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How safe is cataract surgery?

older woman with cataracts wondering if cataract surgery is safe

Cataract surgery is a very safe and successful medical procedure. In the United States, about 4 million cataract surgery procedures are performed every year. In fact, a study of over 221,000 cataract surgery patients found that 99.5% of patients had no serious complications after surgery. 

Like any type of surgery, cataract removal poses risks that are important to know so you can make an informed decision. 

Why is cataract surgery so safe?

An ophthalmologist performs cataract surgery to restore a patient’s cataract-related vision loss. During the procedure, the surgeon replaces the clouded lens inside the eye with a clear artificial lens called an intraocular lens. They do this using advanced surgical tools and proven techniques.  

The entire surgery typically takes about 15 to 20 minutes and is usually pain-free. The incisions made in the eye are so small that stitches are often not needed. Eye drops are used for anesthesia, which means the patient only needs a small amount of sedation to relax. Antibiotics are given before and after the procedure to reduce the risk of infection.  

To enhance safety, cataract surgery is typically only performed on one eye at a time, though there are exceptions when both eyes are operated on at the same time. This gives the first eye time to recover, and a few weeks later, the second eye will be treated. This way, the eyes are not put at risk at the same time.

As with any surgery, cataract surgery has some risks, such as bleeding, infection and other complications. 

Is cataract surgery safe if you are older?

In most cases, cataract surgery is safe if you are older, but the risk of complications does increase with age. Even so, cataract surgery can improve quality of life and reduce other risks related to poor vision, such as: 

  • Tripping and falling 

  • Fracturing a bone

  • Car accidents 

In patients over 85, about 85% had improved vision, and 87% felt they benefited from the surgery. 

Even for individuals over age 90, cataract surgery was found to benefit health and longevity. Although the very old have more health problems, they can still benefit from cataract surgery. It allows them to better handle day-to-day activities. Surgery can also improve their social life and even extend their life expectancy. 

Is cataract surgery safe if you have a heart or lung condition?

Most of the time, even if you have a heart or lung condition, cataract surgery is safe. That’s because cataract surgery is a quick, low-risk procedure. Typical cataract surgery uses local anesthetic and mild sedation to help you relax, so it doesn’t carry the risks associated with general anesthesia.

Even so, your primary care doctor or internist is likely to run some routine tests, including blood tests and an EEG to see how your heart is functioning. These tests will allow your doctor to take special care if there is any condition.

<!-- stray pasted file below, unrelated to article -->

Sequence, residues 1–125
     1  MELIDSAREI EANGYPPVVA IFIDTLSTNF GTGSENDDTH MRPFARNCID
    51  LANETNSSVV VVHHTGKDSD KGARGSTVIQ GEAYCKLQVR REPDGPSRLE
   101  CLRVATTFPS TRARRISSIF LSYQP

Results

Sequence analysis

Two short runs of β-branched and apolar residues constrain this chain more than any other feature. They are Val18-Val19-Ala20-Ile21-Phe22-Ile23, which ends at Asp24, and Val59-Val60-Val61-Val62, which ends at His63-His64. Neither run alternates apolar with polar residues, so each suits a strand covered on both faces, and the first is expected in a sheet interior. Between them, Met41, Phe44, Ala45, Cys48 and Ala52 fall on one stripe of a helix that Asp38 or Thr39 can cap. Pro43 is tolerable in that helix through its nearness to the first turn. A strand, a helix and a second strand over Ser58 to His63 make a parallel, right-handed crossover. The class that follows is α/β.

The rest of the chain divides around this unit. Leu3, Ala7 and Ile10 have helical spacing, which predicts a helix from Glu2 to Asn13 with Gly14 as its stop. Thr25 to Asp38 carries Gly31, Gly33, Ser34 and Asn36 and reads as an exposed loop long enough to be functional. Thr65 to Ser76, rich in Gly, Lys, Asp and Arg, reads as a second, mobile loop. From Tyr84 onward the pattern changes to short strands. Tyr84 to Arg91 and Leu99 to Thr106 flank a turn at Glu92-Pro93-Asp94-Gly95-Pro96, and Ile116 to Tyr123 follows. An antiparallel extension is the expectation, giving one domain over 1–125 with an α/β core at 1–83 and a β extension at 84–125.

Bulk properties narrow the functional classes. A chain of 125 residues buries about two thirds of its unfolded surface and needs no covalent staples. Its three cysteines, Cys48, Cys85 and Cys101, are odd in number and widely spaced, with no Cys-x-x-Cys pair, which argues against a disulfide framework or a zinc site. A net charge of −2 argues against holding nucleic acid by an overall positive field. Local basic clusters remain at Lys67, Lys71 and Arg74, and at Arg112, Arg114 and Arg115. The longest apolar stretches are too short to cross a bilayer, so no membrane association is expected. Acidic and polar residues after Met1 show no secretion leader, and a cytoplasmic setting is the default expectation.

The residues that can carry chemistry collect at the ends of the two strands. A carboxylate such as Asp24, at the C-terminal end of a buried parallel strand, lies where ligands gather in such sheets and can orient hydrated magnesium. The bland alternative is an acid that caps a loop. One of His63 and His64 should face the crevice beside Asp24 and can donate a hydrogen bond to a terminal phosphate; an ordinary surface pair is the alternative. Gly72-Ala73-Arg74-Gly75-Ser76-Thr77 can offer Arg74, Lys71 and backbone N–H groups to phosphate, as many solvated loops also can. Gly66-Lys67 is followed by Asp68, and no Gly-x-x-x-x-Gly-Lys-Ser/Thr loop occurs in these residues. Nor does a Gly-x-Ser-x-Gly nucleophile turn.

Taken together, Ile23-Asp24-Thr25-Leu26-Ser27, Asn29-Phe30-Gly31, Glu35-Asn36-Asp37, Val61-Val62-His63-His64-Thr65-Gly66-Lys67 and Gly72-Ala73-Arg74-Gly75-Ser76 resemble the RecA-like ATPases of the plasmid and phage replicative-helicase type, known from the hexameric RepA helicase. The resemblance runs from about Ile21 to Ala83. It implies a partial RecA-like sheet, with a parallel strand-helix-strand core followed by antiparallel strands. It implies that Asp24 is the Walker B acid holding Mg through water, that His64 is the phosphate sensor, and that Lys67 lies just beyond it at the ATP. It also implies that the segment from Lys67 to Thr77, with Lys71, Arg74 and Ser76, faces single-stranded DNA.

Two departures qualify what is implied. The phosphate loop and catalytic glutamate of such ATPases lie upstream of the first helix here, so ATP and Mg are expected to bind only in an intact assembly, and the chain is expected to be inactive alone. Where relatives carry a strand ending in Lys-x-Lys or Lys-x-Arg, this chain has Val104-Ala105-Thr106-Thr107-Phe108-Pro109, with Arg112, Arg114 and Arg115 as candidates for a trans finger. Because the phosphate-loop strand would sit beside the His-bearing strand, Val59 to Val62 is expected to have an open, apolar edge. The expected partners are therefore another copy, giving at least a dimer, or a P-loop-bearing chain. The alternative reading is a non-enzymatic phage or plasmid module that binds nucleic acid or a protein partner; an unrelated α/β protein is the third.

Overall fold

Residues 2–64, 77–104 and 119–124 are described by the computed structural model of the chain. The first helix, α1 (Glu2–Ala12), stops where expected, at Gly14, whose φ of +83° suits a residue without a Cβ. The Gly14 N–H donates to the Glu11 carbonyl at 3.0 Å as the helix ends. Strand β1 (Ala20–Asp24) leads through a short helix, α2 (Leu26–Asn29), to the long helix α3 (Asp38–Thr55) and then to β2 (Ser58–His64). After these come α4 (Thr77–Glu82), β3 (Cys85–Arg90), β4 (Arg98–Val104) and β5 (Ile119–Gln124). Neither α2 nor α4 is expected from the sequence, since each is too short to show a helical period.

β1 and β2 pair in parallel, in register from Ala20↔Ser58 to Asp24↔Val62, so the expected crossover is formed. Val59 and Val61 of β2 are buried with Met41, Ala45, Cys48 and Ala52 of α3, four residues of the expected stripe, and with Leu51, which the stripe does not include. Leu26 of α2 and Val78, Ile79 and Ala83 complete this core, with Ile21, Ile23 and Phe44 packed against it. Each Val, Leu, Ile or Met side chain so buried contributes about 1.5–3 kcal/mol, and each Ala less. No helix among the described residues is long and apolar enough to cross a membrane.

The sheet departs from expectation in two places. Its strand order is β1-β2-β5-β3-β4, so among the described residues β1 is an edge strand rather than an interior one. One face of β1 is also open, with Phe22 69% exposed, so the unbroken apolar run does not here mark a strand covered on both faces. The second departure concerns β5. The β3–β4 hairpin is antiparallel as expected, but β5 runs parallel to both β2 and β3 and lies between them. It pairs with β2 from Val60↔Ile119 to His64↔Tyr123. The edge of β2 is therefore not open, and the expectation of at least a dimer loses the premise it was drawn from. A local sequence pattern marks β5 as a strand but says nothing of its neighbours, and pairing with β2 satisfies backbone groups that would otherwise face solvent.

If you have diabetes, it’s a good idea to ensure your retina (in the back of the eye) is healthy enough for cataract surgery. Your doctor will also want to make sure your blood sugar is well-controlled.  

Is cataract surgery safe and effective if I have other eye diseases?

Eye diseases are more common as you age. Some of these conditions, such as glaucoma and macular degeneration, can make cataract surgery more challenging or change your vision expectations after cataract surgery. 

Even if another condition is present, cataract surgery can often be performed safely and successfully. Sometimes, doctors will treat both the glaucoma and the cataract at the same time. They can do this by implanting an artificial lens as well as a tiny stent that helps fluid in the eye drain properly.

If you have macular degeneration, your doctor will ensure the condition is stabilized before surgery. Studies have shown that cataract surgery does not speed the progression of macular degeneration.

Future of cataract surgery seems promising. Ocular Surgery News. February 2021.

Severe adverse events after cataract surgery among Medicare beneficiaries. Ophthalmology. September 2011.

Cataract. American Optometric Association. Accessed August 2021.

Laser cataract surgery faqs.  Kellogg Eye Center, University of Michigan. Accessed September 2021.

Changing techniques in cataract surgery: How have patients benefited? Community Eye Health. 2017

Is cataract surgery safe for patients above 65 years of age? American Academy of Ophthalmology. February 2014.

Efficacy of intracameral moxifloxacin endophthalmitis prophylaxis at Aravind Eye Hospital. Ophthalmology. February 2016.

Cataract surgery in patients older than 90 years. Ocular Surgery News. July 2018.

Effect of increasing age on cataract surgery outcomes in very elderly patients. BMJ. May 2001.

Results of cataract surgery in the very elderly population. Journal of Optometry. July-September 2009.

Medical tests before eye surgery. Choosing Wisely, ABIM Foundation. Accessed September 2021.

Glaucoma and cataracts. Eye Center of Texas. July 2020.

Can I have cataract surgery if I have macular degeneration? Northshore Eye Care. April 2020.

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